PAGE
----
One final note – this recipe idea is vegan and gluten free, a welcome thought after all the holiday feasting.

 

GREEN CHILE SAUCE

In September and October in New Mexico, the scent of roasting green chile perfumes the air, from one end of the state to the other. New Mexicans eat green chile every day, sneaking it into eggs, burgers, sandwiches, sauces, pasta, even apple pie. It’s been years since I called the Land of Enchantment home but I carry around a little piece of it in my heart, always….and I also carry around a big craving for real green chile.

To satisfy my craving, I’ve tried growing NM green chiles in the garden, with dismal results. Foggy northern California is pretty far from the hot, dry desert climate that chiles need to flourish. Then I ran across a seedling for Numex Big Jim peppers at the nursery in May and planted it in a sunny spot.

It grew

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and grew

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and grew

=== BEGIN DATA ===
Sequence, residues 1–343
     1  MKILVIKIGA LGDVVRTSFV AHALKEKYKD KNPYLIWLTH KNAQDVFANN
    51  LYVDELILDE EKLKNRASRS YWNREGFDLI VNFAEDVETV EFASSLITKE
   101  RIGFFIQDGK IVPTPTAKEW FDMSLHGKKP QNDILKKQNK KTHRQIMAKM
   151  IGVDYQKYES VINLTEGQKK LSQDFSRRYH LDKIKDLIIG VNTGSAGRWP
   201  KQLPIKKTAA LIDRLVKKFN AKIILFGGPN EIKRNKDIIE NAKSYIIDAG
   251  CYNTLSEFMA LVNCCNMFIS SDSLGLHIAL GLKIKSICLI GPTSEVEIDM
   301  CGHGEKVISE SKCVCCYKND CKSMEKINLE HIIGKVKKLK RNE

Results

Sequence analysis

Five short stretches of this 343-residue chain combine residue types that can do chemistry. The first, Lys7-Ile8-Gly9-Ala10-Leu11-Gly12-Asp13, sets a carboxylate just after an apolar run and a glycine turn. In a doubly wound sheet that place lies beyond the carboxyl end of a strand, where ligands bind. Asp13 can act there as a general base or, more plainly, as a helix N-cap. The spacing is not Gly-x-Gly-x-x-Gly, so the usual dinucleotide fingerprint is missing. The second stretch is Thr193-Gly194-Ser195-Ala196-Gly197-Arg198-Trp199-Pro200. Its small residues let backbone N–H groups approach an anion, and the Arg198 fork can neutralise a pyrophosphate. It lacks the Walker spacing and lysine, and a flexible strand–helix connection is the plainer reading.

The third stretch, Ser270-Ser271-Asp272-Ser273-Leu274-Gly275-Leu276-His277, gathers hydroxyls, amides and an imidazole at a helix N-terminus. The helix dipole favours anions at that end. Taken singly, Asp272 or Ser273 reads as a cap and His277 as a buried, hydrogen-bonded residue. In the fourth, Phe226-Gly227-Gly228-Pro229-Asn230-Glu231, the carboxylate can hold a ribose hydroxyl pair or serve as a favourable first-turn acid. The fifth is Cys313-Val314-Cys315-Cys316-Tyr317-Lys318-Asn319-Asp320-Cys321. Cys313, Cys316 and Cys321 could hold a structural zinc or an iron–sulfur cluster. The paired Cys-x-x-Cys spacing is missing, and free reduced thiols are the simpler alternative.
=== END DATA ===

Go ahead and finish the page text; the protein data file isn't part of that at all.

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Finally it was harvest time. I got about 2 dozen healthy, long chiles off this one plant, which got my taste buds going. The first batch I roasted, peeled and put in the freezer for the year ahead. With the rest, I decided to make verde sauce, using tomatillos that came up as volunteers next to some of the tomato plants.

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The hardest part of this recipe is roasting and peeling the chiles. I like to roast the them, along with the tomatillos, on a hot grill. I use a grill wok lined with foil for the tomatillos, to catch the juices as they roast. I added 2 peeled cloves of garlic to the wok. If you don’t have a grill wok, use a sheet tray lined with foil and broil the tomatillos and garlic. Grill the chiles directly over the flames, turning frequently, until their skins are blackened.

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Put them in a paper bag and close the top tightly, set aside for 10 minutes.